Coping with diabetes as a teenager – Libby’s story

Libby Morter

When Libby Morter was six and on a family holiday in Orlando, Florida in late July 2008, her parents – Simon and  Caroline – became worried about her. She was drinking a lot of water and going to the toilet a great deal, especially  through the night. Libby’s mood was also poor.

Initially Simon and Caroline, who live with Libby and her older sister in Hertford, thought it was the effects of the  Florida heat, but when things didn’t change on returning home, they began to be concerned. Something was wrong  with Libby and a search on the internet, along with a niggling recollection of what these issues might mean, suggested  her symptoms matched closely those of someone who has Type 1 diabetes.


Their GP made a referral to the paediatric team at the QEII who asked Libby’s parents to come in to the children’s emergency service, which was a worrying time for the family.

Caroline, 41, said:

“The 8th of August 2008 is etched in our memories – this was the day that the children’s team at the QEII rang us and said Don’t panic, but we do want to see Libby and we want to see her now. We still didn’t know what was wrong with her, but that day we found out. She was diagnosed with type 1 diabetes and we left hospital that evening with a small rucksack of things for looking after her diabetes that marked a big change in all our lives – especially Libby’s.”

Type 1 diabetes is controlled by insulin, delivered either by injection or by means of an insulin pump, with patients like Libby needing to test their blood sugars at regular intervals throughout the day and night.

Libby, who is now 12, said:

“I remember that it felt weird – I didn’t really know what was going on and the thought of having to have injections every day from then on was a bit frightening. But you get used to things, even my parents testing my bloods in the middle of the night just to make sure that my sugar levels were okay. They do this because there’s a real risk of me going in to a diabetic coma when I’m asleep and no one knowing what’s happening!”

Libby’s father, Simon, 38, said:

“We all work really hard to understand as much as we can about Libby’s illness and the different equipment options available to help us manage the condition, as well as how we could help her have as normal a life as possible. The children’s diabetes team at the QEII has been a great support, providing us with advice and also listening to us when we asked them questions – often following our own research into type 1 diabetes.

“What a lot of people don’t realise is that nearly everything – from exercise to eating, going through puberty and growth, to getting a cold or bug – impacts on those with type 1 diabetes. You have to become a bit obsessive and plan ahead as much as you can – because it’s this that has allowed Libby to lead pretty much the same sort of life as any other child of her age.

Libby said:

“I’m sort of used to having type 1 diabetes now – it’s not stopped me doing anything and I lead a normal life. I get great support from my all of my friends, both home and at school. Since starting at secondary school I have discovered there are a few of us there with type 1 diabetes and we have all met together and talked about our experiences. I live with my diabetes – but I’ve got to work hard at managing it. I don’t let it manage me.”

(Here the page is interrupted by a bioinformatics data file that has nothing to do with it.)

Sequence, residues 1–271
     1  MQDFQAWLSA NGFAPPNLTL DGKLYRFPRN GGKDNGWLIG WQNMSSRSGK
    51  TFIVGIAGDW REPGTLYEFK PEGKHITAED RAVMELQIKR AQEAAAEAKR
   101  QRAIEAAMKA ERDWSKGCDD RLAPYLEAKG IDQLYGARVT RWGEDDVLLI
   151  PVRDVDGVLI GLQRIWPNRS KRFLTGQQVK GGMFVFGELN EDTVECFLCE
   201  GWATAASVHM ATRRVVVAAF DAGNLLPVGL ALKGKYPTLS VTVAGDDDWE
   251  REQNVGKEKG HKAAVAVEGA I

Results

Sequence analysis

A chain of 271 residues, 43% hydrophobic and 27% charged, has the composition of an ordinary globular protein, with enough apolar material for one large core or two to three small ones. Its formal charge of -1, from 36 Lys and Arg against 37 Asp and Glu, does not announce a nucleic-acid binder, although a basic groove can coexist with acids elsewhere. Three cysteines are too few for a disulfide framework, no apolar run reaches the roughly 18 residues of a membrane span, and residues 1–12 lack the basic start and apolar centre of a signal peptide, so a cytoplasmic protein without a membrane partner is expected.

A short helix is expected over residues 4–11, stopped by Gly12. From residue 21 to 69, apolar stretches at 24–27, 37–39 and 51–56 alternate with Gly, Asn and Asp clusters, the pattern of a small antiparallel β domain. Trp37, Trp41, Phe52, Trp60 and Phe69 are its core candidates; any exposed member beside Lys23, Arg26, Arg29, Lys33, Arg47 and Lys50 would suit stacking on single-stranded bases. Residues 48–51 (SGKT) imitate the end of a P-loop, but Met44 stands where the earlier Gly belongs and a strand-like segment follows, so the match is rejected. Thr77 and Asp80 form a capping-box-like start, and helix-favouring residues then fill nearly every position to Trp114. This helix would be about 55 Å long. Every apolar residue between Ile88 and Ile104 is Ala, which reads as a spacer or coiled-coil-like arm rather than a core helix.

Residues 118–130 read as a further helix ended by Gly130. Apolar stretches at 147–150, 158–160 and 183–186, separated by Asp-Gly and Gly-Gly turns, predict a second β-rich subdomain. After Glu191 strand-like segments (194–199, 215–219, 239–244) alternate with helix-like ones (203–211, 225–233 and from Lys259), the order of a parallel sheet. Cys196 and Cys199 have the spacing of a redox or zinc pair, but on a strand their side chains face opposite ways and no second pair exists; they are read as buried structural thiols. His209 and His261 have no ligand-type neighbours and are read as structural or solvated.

Four years ago, Libby moved from using multiple daily injections for her insulin doses to wearing an insulin pump, which is programmed to deliver her insulin 24 hours a day, seven days a week. This had a huge and positive impact on how Libby dealt with her diabetes and gave her even more freedom.

Earlier this year, Libby had an opportunity to change her pump and the children’s diabetes team at the QEII were extremely supportive of her being given an insulin pump that they had not used before, with numerous members of the team having the necessary training on how the new pump worked. It’s pretty small and is attached to Libby’s upper arm; it delivers insulin when she needs, rather than Libby having to inject herself. The pump gets information automatically from the blood testing kit that Libby uses to measure her sugar level; the two pieces of equipment communicate with each other using Bluetooth technology.

Simon said:

“Libby has had her new pump since May 2014 and it has made a big difference. Managing type 1 diabetes is far from a perfect science but it gives us a much better chance of getting it right and helps Libby just get on with things. We still need to test her bloods during the day and during the night, but she sleeps through it all – even if we have to get her to drink some orange juice because her sugar levels are a bit low!

Caroline said:

“We’re in regular contact with the children’s diabetes nurses at the QEII – we speak at least every couple of weeks. We also have regular check-up appointments with the team every three months. It’s great to know that they are only ever a telephone call away – they have been great in helping us to understand how best to support Libby and to ensure that her diabetes is something she lives with, not suffers from.

“We were also lucky that Libby was diagnosed early and quickly. We were aware vaguely of the 4Ts – the four main signs of diabetes (toilet, thirsty, tired and thin) and that was really helpful. We got Libby to the doctors before her blood sugar levels rose so high that she became very seriously ill. Our aim now is to help Libby to manage her diabetes as well as possible as she grows in to becoming an adult in the years to come. There are ups and downs, of course, but it’s about doing the best we can for Libby.”